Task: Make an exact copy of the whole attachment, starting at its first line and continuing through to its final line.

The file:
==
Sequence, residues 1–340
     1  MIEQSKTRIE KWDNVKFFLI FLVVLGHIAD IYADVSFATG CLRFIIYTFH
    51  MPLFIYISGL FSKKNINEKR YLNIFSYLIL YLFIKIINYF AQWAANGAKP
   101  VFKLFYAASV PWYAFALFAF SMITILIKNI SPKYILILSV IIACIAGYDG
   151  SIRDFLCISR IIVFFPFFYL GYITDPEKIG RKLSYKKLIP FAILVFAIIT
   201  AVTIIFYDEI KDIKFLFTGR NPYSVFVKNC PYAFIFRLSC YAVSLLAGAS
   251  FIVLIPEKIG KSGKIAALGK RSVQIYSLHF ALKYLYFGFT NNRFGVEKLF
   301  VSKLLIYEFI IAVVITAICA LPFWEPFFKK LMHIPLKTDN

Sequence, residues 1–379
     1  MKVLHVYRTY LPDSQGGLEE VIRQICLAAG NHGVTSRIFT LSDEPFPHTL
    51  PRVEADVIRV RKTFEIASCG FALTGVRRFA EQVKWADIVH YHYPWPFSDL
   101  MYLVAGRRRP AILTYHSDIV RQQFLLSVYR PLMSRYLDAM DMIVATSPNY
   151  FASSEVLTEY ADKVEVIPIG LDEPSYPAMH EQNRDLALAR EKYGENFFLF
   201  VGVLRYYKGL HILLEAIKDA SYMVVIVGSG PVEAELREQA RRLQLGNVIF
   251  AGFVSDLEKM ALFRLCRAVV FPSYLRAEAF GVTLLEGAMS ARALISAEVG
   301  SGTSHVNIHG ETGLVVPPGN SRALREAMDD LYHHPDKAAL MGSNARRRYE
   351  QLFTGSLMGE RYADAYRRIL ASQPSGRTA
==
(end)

Sequence, residues 1–340
     1  MIEQSKTRIE KWDNVKFFLI FLVVLGHIAD IYADVSFATG CLRFIIYTFH
    51  MPLFIYISGL FSKKNINEKR YLNIFSYLIL YLFIKIINYF AQWAANGAKP
   101  VFKLFYAASV PWYAFALFAF SMITILIKNI SPKYILILSV IIACIAGYDG
   151  SIRDFLCISR IIVFFPFFYL GYITDPEKIG RKLSYKKLIP FAILVFAIIT
   201  AVTIIFYDEI KDIKFLFTGR NPYSVFVKNC PYAFIFRLSC YAVSLLAGAS
   251  FIVLIPEKIG KSGKIAALGK RSVQIYSLHF ALKYLYFGFT NNRFGVEKLF
   301  VSKLLIYEFI IAVVITAICA LPFWEPFFKK LMHIPLKTDN

Sequence, residues 1–379
     1  MKVLHVYRTY LPDSQGGLEE VIRQICLAAG NHGVTSRIFT LSDEPFPHTL
    51  PRVEADVIRV RKTFEIASCG FALTGVRRFA EQVKWADIVH YHYPWPFSDL
   101  MYLVAGRRRP AILTYHSDIV RQQFLLSVYR PLMSRYLDAM DMIVATSPNY
   151  FASSEVLTEY ADKVEVIPIG LDEPSYPAMH EQNRDLALAR EKYGENFFLF
   201  VGVLRYYKGL HILLEAIKDA SYMVVIVGSG PVEAELREQA RRLQLGNVIF
   251  AGFVSDLEKM ALFRLCRAVV FPSYLRAEAF GVTLLEGAMS ARALISAEVG
   301  SGTSHVNIHG ETGLVVPPGN SRALREAMDD LYHHPDKAAL MGSNARRRYE
   351  QLFTGSLMGE RYADAYRRIL ASQPSGRTA